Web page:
“You have to keep going, Nico. Bad things happened to you. But you can’t wallow in them forever. You can’t go backwards. You have to keep moving. Keep exploring. Like a shark — if they stop moving, they die.”

18 thoughts on “ARC/Book Review: Waste of Space – Gina Damico

    • That’s how I feel! I think it was just too “Whaaat?” for me to give it three stars – like, it constantly surprised me but it’s not necessarily a good surprise… though it’s also not a bad surprise, just maybe a surprise surprise, if that makes sense? 😂

      Liked by 1 person

  1. I love feeling connected to characters, but I love mixed media and the reality spin! I normally guess plot twists as well, so I’m intrigued! I don’t know how I feel about 10 characters though…it would mean distinct personalities to differentiate everyone but no development. :/ Nevertheless, this sounds super interesting! I’m adding this to my tbr. 🙂


    • From your comment, you might want to check this out! It’s just such an odd, unique book that I honestly can’t predict how it will go down with most people… but hey, every book has its own audience and you might be this book’s. 😂


  2. Oh jeez this review, lol. (insert crying/laughing emoji) I decided against requesting this even though the premise sounded amazing I knew I wouldn’t have time to read it. You’re review has me so torn. I want to read it know to know how it ends but also the whole “transcripts, texts, etc” format has me shying away. I like getting to know my characters to understand them and it looks like that wont be the case with this story. Loved the review, definitely going to need to know what happened now. 🙂


    • Given the mixed media format it’s actually a really, really quick book to read, so there’s that at least! I would say though that there’s no real “getting to know the characters” here, at least personally… but who knows, perhaps the premise will work really well for you? I really can’t tell with this book. 🙈

      Liked by 1 person

  3. Okay, so you talking about UNreal here makes me even more curious about this book now ahah;. I really like this synopsis, it sounds like a very interesting story, yet it makes me a bit sad you felt so distant from the characters. I haven’t read many books told in transcripts and other formattings like that – only one I can think of is Illuminae, and yet for some crazy reason, I was hooked in this book. I’m kind of on the fence about reading that one for now, but I’ll keep it on my mind for sure 🙂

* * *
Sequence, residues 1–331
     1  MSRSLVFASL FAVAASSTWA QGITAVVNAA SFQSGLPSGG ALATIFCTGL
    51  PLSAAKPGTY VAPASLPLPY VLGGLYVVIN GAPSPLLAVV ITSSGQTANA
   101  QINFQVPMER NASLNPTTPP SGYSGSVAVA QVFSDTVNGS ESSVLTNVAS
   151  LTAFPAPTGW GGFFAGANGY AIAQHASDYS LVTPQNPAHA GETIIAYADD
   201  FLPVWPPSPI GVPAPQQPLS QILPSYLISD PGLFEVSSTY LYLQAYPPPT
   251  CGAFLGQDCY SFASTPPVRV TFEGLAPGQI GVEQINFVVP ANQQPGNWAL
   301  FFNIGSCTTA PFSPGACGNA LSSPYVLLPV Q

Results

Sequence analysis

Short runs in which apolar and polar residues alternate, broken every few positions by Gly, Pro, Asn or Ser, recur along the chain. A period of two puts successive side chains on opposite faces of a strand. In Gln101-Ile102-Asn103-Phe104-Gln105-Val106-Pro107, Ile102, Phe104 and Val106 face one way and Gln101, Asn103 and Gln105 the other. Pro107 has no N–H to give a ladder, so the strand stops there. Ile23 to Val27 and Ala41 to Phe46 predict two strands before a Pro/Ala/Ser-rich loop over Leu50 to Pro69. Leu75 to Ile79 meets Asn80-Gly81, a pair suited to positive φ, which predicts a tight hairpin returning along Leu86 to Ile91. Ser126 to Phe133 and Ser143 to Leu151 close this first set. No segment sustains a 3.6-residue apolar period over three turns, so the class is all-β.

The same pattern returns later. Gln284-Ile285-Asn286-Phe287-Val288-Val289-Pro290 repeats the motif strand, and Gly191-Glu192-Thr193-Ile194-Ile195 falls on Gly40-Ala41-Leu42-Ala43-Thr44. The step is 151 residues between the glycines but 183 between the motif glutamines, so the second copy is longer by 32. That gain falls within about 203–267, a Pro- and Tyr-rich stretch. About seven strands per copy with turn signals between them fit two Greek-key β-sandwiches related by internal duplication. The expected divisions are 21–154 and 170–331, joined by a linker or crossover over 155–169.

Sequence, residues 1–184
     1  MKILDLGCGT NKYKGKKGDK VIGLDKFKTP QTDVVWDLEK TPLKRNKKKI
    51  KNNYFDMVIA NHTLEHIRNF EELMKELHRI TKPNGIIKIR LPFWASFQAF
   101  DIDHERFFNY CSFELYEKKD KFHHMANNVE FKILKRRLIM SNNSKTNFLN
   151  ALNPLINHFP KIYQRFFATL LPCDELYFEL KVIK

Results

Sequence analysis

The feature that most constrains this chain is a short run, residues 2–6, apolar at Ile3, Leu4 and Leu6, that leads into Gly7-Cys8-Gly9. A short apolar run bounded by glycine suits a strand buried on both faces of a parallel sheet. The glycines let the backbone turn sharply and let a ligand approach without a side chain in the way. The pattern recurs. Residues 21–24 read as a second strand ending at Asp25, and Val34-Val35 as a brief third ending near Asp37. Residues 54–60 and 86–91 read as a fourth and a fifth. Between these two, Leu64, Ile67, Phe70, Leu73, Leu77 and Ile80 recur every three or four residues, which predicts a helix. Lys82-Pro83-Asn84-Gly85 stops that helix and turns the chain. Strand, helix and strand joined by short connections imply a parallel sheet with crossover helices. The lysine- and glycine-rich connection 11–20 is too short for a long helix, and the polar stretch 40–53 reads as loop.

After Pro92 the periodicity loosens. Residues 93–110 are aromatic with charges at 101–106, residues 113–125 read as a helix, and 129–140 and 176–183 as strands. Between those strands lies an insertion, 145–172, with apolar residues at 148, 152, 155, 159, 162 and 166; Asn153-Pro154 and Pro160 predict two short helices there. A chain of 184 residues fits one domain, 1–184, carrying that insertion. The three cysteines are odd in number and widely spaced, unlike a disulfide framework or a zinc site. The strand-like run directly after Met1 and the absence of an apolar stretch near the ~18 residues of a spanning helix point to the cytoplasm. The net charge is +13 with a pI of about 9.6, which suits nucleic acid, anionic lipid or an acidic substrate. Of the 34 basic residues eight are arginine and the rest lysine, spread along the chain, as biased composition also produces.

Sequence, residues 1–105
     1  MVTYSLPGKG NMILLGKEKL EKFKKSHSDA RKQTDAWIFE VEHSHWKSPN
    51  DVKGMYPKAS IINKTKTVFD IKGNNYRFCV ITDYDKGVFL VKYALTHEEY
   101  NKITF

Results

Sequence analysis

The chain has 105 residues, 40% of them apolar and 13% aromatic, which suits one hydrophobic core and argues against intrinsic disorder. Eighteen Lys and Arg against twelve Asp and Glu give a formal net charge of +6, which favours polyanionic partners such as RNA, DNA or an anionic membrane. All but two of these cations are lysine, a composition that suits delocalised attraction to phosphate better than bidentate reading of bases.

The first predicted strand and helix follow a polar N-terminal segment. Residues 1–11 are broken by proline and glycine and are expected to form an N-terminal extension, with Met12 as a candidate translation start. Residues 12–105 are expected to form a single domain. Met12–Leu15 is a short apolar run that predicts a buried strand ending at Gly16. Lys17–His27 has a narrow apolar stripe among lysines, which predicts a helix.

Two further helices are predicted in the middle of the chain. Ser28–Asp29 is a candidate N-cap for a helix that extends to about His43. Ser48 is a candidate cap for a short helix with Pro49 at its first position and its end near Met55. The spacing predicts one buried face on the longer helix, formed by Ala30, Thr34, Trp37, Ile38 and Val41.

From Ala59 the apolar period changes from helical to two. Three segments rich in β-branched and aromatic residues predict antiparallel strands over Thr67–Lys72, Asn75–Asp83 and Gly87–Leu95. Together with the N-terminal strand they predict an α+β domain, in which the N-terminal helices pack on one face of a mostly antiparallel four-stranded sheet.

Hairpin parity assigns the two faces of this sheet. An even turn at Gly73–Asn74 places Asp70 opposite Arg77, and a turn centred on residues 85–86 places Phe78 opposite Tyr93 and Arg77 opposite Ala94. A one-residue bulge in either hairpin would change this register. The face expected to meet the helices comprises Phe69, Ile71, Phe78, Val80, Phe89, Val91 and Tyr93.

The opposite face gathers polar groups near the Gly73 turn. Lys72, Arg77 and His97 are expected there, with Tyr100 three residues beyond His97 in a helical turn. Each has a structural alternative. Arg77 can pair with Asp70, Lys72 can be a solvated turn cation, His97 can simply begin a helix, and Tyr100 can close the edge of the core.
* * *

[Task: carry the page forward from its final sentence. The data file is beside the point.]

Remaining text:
Lovely review!


    • It’s like UnREAL in that whole ~reality television, crazy producers, unethical plot~ kind of way… but perhaps not much else, haha. It IS a very unique premise, one that I was super hooked by but unfortunately as a novel it didn’t really work for me. I think the idea will be really good some other way, though – like perhaps a TV show of its own? The chances are super low but I think it’ll be quite interesting like that. 🤔

      Liked by 1 person

  4. I’ve read another review for this book before reading your Reg and the one thing that’s stood out at me from both reviews is how confusing this book is, and hard to review as well. I think you did a good job and I have to say I’m quite intrigued by this book too. I haven’t seen UnREAL but despite the confusion that seems to be surrounding Waste of Space I almost want to know what happens to all these characters. I guess this is why some people find reality TV so addictive right? 🙂
    Great review. 😀


    • It’s definitely a confusing book, so thank you for saying that! I was worried that I didn’t give it enough of a fair chance – I might not love it, but I was mostly bewildered by it more than displeased or un-entertained or anything like that. And all that said, it DID keep me reading because I was super curious for the truth, so there’s that at least. 😂

      Liked by 1 person

  5. I don’t know whether I want to read this or not….? I was totally out, until you compared it to UnREAL. There is something strangely compelling about engaging with characters who totally lack what I would consider to be a moral compass.